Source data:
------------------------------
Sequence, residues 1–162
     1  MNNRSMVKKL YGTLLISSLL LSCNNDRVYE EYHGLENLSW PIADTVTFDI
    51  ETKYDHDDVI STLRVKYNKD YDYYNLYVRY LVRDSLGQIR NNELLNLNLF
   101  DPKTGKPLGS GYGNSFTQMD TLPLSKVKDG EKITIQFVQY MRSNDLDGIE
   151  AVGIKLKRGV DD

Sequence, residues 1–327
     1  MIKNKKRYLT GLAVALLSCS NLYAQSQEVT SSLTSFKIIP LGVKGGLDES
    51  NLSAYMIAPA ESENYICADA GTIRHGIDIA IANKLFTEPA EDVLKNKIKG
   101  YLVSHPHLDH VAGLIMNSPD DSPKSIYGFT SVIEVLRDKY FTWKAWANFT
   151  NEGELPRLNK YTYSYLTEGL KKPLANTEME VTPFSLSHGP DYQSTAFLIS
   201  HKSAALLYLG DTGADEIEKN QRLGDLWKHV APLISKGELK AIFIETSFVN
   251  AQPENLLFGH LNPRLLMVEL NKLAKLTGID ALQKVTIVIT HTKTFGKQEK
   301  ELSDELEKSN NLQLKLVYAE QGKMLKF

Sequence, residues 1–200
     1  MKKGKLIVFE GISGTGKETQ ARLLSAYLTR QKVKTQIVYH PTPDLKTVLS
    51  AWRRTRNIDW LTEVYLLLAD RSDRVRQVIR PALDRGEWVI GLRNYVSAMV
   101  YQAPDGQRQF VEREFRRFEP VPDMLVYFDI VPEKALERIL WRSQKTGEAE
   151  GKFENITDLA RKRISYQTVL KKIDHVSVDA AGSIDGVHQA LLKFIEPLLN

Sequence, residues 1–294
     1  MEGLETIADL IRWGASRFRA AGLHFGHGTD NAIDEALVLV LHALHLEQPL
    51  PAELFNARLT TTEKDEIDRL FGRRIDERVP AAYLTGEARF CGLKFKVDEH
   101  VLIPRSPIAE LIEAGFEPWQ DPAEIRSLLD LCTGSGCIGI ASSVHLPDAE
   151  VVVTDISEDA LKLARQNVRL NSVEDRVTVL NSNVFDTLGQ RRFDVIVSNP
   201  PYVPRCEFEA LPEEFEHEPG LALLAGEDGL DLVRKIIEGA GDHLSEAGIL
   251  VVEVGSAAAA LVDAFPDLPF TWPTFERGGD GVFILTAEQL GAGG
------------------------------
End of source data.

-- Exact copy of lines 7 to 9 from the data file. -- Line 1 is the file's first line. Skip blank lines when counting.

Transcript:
     1  MIKNKKRYLT GLAVALLSCS NLYAQSQEVT SSLTSFKIIP LGVKGGLDES
    51  NLSAYMIAPA ESENYICADA GTIRHGIDIA IANKLFTEPA EDVLKNKIKG
   101  YLVSHPHLDH VAGLIMNSPD DSPKSIYGFT SVIEVLRDKY FTWKAWANFT